Heaven and earth will pass away, but my words will never pass away.
[Matt 24:35]

6. Jesus also warned against trying to get around the scriptures ‘by stealth’, as it were:

So the Pharisees and teachers of the law asked Jesus, “Why don’t your disciples live according to the tradition of the elders instead of eating their food with ‘unclean’ hands?”

He replied, “Isaiah was right when he prophesied about you hypocrites; as it is written:
  ” ‘These people honor me with their lips,
    but their hearts are far from me.
They worship me in vain;
    their teachings are but rules taught by men.’
You have let go of the commands of God and are holding on to the traditions of men.”

And he said to them: “You have a fine way of setting aside the commands of God in order to observe your own traditions! For Moses said, ‘Honor your father and your mother,’ and, ‘Anyone who curses his father or mother must be put to death.’ But you say that if a man says to his father or mother: ‘Whatever help you might otherwise have received from me is Corban’ (that is, a gift devoted to God), then you no longer let him do anything for his father or mother. Thus you nullify the word of God by your tradition that you have handed down. And you do many things like that.”
[Mark 7:5-13]

This surely indicates that Christ had a very high view of Scripture?

7. In the same way, the Holy Apostles whom Christ himself commissioned to found his church held a similar view of each others’ writings, applying to them the epithet “scripture” which Christ had interpreted as “unchangeable” and “must be obeyed”:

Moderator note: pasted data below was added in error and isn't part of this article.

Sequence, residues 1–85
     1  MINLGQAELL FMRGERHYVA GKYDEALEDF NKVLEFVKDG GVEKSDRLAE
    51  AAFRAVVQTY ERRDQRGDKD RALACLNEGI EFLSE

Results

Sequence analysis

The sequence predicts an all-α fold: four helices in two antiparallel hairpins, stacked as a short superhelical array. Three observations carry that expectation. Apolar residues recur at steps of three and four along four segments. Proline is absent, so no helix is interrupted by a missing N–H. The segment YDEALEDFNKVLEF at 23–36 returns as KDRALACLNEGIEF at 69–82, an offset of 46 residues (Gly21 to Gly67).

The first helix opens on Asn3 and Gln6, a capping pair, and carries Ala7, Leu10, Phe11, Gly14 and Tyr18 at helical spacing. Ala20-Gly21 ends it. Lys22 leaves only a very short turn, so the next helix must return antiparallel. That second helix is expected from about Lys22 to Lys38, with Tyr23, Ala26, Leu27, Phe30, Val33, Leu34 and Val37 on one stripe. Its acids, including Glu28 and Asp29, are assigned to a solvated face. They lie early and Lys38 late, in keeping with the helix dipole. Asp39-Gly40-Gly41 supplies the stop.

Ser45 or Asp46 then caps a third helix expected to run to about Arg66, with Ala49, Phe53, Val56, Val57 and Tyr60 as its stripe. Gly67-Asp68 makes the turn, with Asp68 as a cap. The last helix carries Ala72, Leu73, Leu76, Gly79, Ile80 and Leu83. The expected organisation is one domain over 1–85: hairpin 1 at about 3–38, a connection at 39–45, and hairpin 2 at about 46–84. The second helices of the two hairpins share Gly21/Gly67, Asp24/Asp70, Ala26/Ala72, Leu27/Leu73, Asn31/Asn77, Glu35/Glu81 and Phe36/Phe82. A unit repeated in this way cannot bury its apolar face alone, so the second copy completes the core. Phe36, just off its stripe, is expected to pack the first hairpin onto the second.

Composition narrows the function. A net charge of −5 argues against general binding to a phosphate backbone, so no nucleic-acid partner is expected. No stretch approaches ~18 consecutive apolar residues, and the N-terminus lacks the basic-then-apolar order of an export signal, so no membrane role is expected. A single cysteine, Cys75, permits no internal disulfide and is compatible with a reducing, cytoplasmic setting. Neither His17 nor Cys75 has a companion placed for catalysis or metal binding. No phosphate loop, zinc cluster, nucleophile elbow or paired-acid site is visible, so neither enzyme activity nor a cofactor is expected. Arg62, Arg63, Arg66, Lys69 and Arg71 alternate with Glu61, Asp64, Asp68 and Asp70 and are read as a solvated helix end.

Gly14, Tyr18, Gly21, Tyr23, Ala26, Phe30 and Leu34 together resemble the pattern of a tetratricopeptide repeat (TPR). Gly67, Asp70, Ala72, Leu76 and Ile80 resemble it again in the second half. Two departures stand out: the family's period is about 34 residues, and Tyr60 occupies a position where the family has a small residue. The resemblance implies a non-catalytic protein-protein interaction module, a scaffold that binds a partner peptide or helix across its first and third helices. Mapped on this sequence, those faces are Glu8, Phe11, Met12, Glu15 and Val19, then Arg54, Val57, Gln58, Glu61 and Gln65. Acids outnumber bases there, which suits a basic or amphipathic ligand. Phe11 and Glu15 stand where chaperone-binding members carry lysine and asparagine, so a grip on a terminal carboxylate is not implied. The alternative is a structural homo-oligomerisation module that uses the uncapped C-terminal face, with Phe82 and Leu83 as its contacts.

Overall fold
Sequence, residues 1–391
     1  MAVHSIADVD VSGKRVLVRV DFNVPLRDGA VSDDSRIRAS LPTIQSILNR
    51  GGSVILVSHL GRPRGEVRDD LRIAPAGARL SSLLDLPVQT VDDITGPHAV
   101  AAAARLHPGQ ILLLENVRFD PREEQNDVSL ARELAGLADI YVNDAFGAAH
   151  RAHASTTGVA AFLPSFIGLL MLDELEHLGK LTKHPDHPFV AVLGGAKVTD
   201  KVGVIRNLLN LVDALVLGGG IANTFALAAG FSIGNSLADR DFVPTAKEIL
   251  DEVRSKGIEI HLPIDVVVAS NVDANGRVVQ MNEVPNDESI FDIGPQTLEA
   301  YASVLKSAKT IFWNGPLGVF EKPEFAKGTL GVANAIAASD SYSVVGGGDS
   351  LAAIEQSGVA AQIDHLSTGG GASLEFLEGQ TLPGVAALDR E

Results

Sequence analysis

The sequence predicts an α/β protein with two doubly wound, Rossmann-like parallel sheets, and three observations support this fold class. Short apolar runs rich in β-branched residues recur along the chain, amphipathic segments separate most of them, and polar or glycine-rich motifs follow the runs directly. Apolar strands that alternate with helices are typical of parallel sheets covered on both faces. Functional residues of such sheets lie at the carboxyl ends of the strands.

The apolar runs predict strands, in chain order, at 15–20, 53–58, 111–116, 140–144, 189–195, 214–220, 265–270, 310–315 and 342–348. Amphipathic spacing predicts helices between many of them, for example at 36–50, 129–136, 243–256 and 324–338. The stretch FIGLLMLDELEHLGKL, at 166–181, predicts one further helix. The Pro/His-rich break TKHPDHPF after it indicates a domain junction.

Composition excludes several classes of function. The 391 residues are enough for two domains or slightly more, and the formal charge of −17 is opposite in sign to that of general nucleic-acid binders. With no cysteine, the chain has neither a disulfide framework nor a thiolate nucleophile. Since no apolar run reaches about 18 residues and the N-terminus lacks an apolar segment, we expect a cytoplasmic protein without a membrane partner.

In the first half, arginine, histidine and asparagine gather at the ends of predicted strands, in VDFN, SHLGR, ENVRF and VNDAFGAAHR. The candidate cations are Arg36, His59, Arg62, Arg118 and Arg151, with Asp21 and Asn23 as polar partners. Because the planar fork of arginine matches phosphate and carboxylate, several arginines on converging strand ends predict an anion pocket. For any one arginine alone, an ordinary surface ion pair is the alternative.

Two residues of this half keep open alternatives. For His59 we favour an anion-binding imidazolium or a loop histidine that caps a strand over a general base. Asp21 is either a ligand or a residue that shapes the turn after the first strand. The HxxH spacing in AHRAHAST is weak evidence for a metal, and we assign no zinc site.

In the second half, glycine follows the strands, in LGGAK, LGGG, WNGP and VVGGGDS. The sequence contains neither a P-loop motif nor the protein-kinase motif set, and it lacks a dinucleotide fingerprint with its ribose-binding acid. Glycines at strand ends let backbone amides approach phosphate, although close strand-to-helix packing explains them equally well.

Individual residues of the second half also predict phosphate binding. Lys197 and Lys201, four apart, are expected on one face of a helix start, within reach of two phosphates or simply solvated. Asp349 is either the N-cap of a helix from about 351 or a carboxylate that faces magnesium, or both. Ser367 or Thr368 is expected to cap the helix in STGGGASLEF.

“So then, dear friends, since you are looking forward to this, make every effort to be found spotless, blameless and at peace with him. Bear in mind that our Lord’s patience means salvation, just as our dear brother Paul also wrote you with the wisdom that God gave him. He writes the same way in all his letters, speaking in them of these matters. His letters contain some things that are hard to understand, which ignorant and unstable people distort, as they do the other Scriptures, to their own destruction.”

So, if we go back to Christ and his Apostles, what we find is a clear statement that Scripture is inerrant, trustworthy, free from error, whatever words we want to use.

And of course this means that we have to read Scripture on its own terms: if the scriptures tell us that God is like a lion, it doesn’t mean scripture intends us to believe that he has fur and fleas. Nor does describing Jesus as a lamb mean that he has wooly fur and lives in New Zealand. But I don’t see that as a qualification on “inerrant”, just simple common sense.